Water-side Plants
and Plants for Dry Margins next to a Pond
1
, 2

Wildlife Pond Plants

Annual for

----------------



 

 

ANY PLANT TYPE for
Cut Flowers in
January 1, 2
February
March 1, 2
April
May 1, 2
June 1, 2
July 1, 2
August
September
October
November
December

Exposed Sites

Sheltered Sites with Green-house Annuals from 1916

Extra Poor Soil with Half-Hardy Annuals from 1916

Very Rich Soil with Biennials from 1916

Gap-filling in Mixed Borders with Hardy Annuals from 1916

Patio Con-tainers

Cut Flowers
1
, 2, 3 Ever-lasting Flowers with Red Flowers from 1916

Attract-ing bene-ficial insects
1
, 2

Scent / Fra-grance with Annuals for Cool or Shady Places from 1916

Low-allergen Gardens for Hay Fever Sufferers

Annual Plant Pairing Ideas and Colour Schemes with Annuals
1
, 2

Low-Growing Annuals
1
, 2

Medium-Growing Annuals

Tall-Growing Annuals with White Flowers from 1916

Black or Brown Flowers

Blue to Purple Flowers

Green Flowers with Annuals and Biennials from 1916

Red to Pink Flowers and Cut Flowers
Page
1
, 2, 3

White Flowers
1
, 2

Yellow or Orange Flowers
1
, 2

Dec-orative Foliage

Moist Soil

Shade
1
, 2

House-plants with Yellow Flowers from 1916

Edging Beds

Hanging Baskets

Vining Annuals

 

Bedding for

Spring Bedding

Summer Bedding

Autumn/ Winter Bedding

Bedding for Light Sandy Soil

Bedding for Acid Soil

Bedding for Chalky Soil

Bedding for Clay Soil

Black Flowers

Blue Flowers

Orange Flowers

Pink Flowers

Long Flowering

Coloured Leaves

Attract-ive to Wildlife including Bees, Butterflies and Moths

Purple Flowers

Red Flowers

White Flowers

Yellow Flowers

Multi-Coloured Flowers

Aromatic Foliage or Scented Flowers

Bedding Plant Use

Flowers with 2 Petals

Flowers with 3 Petals

Flowers with
4 Petals

Flowers with 5 Petals

Flowers with 6 Petals

Flowers with more than 6 Petals

Use in Hanging Baskets

Flower Simple Shape

Shape of
Stars

Shape of
Bowls, Cups and Saucers

Shape of
Globes, Goblets and Chalices

Shape of
Trumpets and Funnels

Shape of
Bells, Thimbles and Urns

Use in Pots and Troughs

Flower Elabo-rated Shape

Shape of
Tubes, Lips and Lobes

Shape of
Slippers, Spurs and Lockets

Shape of
Hats, Hoods and Helmets

 

Use in
Screen-ing

Use in
Window Boxes

Shape of
Stand-ards, Wings and Keels

Shape of
Discs and Florets

Shape of
Pin-Cushions and Tufts

Shape of
Rosettes, Buttons and Pompons

 

Use in Bedding Out

Use in
Filling In

Biennial for

Cottage and Other Gardens
1
, 2

Cut Flower with Biennials for Rock Work from 1916

Patio Con-tainers with Biennials for Pots in Green-house / Con-servatory

Bene-ficial to Wildlife with Purple and Blue Flowers from 1916

Scent with Biennials for Sunny Banks or Borders from 1916

 

 

Bulb for
--------------
Explan-ation Intro to Bulbs
--------------
725 Blue, White, Yellow, Unusual Colour, or Red-Purple-Pink flowering Bulbs in each month they flower.

Indoor Bulbs for
Dec-ember
January
February

Indoor Bulbs for
March
April
May

Indoor
Bulbs for
June
July
August

Indoor Bulbs for Sep-tember
October
November

Bulbs in Window-boxes
1
, 2

Bulbs in the Border

Bulbs natural-ised in Grass

Any Plant Type (some grown in Cool Green-house) Bloom-ing in
Dec-Jan
Feb-Mar

Any Plant Type (some grown in Cool Green-house) Bloom-ing in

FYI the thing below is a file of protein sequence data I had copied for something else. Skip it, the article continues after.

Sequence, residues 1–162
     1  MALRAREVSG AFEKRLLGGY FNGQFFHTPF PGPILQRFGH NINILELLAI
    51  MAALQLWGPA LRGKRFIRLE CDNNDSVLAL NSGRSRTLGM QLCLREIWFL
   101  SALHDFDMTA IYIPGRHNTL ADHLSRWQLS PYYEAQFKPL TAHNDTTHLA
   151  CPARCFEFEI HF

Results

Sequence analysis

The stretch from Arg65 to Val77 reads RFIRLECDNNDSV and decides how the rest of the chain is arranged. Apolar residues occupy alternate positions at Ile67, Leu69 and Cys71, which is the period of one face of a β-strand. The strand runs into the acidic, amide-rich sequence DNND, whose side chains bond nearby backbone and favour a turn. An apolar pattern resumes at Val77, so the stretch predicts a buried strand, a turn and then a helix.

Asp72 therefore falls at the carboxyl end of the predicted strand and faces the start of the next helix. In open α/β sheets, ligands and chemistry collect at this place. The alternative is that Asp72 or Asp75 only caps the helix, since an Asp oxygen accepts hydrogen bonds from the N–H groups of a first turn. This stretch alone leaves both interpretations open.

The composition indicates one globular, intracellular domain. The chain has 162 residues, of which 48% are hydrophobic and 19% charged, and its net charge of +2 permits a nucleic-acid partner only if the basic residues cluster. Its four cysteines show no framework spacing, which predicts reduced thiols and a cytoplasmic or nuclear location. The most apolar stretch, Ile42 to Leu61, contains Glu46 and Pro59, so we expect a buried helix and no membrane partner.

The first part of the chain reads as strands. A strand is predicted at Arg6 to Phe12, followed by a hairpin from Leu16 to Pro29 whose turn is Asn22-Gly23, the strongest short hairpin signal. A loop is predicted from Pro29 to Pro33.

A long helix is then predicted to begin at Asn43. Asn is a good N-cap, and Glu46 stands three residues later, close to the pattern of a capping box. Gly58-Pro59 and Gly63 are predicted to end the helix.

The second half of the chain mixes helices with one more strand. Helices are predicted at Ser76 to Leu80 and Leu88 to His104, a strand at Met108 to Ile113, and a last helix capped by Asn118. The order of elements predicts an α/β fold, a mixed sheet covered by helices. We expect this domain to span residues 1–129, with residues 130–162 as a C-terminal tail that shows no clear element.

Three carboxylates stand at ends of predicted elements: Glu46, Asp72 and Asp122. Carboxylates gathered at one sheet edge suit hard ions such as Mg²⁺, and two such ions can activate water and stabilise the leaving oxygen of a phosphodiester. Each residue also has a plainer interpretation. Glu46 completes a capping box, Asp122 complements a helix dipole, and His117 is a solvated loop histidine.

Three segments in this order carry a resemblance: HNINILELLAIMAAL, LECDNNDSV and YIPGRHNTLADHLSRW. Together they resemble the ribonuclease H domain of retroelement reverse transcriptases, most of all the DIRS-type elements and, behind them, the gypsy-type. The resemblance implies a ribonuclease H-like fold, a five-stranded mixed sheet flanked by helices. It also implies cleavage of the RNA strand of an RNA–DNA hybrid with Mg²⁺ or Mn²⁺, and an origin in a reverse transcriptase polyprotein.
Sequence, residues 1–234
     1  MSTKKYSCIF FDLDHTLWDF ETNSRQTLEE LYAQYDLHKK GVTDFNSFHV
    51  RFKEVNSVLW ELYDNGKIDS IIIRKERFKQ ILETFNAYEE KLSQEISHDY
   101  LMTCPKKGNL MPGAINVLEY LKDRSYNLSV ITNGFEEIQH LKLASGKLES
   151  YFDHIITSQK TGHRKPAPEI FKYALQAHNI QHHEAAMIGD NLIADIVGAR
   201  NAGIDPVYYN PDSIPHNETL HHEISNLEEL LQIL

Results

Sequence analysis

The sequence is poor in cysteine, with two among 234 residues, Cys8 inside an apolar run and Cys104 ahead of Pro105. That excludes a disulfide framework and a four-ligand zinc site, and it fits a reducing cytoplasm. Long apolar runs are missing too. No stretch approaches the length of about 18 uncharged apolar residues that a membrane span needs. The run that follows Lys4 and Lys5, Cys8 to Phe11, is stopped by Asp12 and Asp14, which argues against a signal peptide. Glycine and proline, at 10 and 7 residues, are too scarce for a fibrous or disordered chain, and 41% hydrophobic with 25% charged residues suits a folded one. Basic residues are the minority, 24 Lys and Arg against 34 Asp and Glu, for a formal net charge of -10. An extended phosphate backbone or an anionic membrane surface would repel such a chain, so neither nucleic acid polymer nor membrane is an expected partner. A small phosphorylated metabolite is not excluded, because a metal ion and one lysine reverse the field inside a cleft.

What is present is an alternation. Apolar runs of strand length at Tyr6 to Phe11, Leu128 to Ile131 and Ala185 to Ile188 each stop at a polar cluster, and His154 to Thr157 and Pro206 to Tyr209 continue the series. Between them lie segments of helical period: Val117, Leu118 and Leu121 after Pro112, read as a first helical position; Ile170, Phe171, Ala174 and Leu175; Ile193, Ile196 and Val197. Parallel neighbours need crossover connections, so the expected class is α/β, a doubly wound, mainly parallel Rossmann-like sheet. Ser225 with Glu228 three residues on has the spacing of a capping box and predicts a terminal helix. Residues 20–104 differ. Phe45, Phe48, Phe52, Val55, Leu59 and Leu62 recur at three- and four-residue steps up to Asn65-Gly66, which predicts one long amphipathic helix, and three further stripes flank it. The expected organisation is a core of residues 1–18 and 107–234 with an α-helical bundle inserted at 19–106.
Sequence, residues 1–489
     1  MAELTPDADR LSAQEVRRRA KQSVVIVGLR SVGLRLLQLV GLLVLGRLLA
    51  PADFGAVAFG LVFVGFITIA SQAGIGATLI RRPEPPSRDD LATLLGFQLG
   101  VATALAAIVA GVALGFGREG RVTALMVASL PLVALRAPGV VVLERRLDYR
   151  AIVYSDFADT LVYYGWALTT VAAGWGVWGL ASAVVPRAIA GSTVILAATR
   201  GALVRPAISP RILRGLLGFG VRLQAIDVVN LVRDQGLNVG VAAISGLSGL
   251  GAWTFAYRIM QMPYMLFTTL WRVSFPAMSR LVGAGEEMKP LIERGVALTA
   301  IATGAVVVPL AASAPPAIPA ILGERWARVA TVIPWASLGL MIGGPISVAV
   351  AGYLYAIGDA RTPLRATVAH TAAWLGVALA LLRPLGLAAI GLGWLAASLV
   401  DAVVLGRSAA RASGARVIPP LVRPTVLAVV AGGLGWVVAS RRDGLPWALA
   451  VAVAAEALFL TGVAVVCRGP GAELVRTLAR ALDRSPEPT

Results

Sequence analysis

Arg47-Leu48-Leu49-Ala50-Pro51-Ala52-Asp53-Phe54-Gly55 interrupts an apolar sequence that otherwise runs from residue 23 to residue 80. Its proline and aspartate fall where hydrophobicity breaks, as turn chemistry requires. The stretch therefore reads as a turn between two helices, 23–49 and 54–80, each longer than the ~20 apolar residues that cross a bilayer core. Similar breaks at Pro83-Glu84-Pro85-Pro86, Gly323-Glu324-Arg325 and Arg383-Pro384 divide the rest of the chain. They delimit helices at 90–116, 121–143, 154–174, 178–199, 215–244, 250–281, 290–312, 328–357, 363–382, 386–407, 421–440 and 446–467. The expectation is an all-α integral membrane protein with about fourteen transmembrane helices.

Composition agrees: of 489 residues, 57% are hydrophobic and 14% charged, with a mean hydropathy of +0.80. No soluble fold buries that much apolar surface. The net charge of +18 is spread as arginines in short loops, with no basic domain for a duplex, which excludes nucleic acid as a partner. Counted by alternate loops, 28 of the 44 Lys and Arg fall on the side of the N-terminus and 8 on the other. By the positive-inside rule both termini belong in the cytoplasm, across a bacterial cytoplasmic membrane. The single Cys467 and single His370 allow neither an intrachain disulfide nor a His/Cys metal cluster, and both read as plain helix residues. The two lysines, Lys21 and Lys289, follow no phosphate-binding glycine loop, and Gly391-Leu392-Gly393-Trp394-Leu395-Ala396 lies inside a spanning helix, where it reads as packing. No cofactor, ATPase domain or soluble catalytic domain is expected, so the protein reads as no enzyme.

Apr-May
Jun-Aug 1, 2, 3, 4

Any Plant Type (some grown in Cool Green-house) Bloom-ing in
Sep-Oct
Nov-Dec

Any Plant Type Blooming in Smallest of Gardens

Bulbs for the Bulb Frame

Bulbs in the Wood-land Garden

Bulbs in the Rock Garden

Bulbs in Green-house or Stove

Achi-menes, Alocasias, Amorpho-phalluses, Aris-aemas, Arums, Begonias, Bomar-eas, Calad-iums

Clivias,
Colo-casias, Crinums, Cyclam-ens, Cyrt-anthuses, Euchar-ises, Urceo-charis, Eurycles

Freesias, Gloxinias, Hae-manthus, Hipp-eastrums

Lachen-alias, Nerines, Lycorises, Pen-cratiums, Hymen-ocallises, Richardias, Sprekelias, Tuberoses, Vallotas, Watsonias, Zephy-ranthes

Bulbs in Bowls

Bulbs in the Alpine House

Hardy Bulbs

Aconitum, Allium, Alstroe-meria, Anemone 1, 1a

Amaryllis, Antheri-cum, Antholy-zas, Apios, Arisaema, Arum, Aspho-deline,

Aspho-delus, Belam-canda, Bloom-eria, Brodiae, Bulbo-codium

Calo-chorti, Cyclo-bothras, Camassia, Col-chicum, Con-vallaria,
Forcing Lily of the Valley, Corydalis, Crinum, Crosmia, Mon-tbretia , Crocus

Cyclamen, Dicentra, Dierama, Eranthis, Eremurus, Ery-thrnium, Eucomis

Fritillaria, Funkia, Gal-anthus, Galtonia, Gladiolus, Hemero-callis

Hya-cinth, Hya-cinths in Pots,
Scilla, Pusch-kinia, Chion-odoxa, Chiono-scilla, Muscari

Iris,
Kniphofia, Lapey-rousia, Leucojum

Lilium,

Lilium in Pots, Malvastrum, Merendera, Milla, Narcissus, Narcissi in Pots

Orni-thogalum, Oxalis, Paeonia, Ran-unculus, Romulea, Sanguin-aria,
Stern-bergia,
Schi-zostylis, Teco-philaea, Trillium

Tulip,
Zephy-ranthus

Half-Hardy Bulbs

Acidan-thera, Albuca, Alstroe-meri, Andro-stephium, Bassers, Boussing-aultias, Bravoas, Cypellas, Dahlias, Galaxis,
Geis-sorhizas, Hesper-anthas

Gladioli, Ixias,
Sparaxises, Babianas, Morphixias, Tritonias

Ixio-lirions, Moraeas, Orni-thogal-ums, Oxalises, Phaedra-nassas,
Pan-cratiums, Tigridias, Zephyr-anthes, Cooper-ias

Bulbs for Bedding

Plant each Bedding Plant with a Ground, Edging or Dot Plant for
Spring
1
, 2
or
Summer
1
, 2

Climber 3 sector Vertical Plant System with

Any Plant Type flowers in
Jan,
Feb,
Mar,
Apr,
May 1, 2
Jun,
Jul,
Aug,
Sep,
Oct,
Nov,
Dec
 

----------
Choosing the right Plant

1a.
The Base -
Base of Wall Plants

1b.
Annuals

1c.
Herbs and Vege-tables

1d.
Cut
flowers, Cut Foliage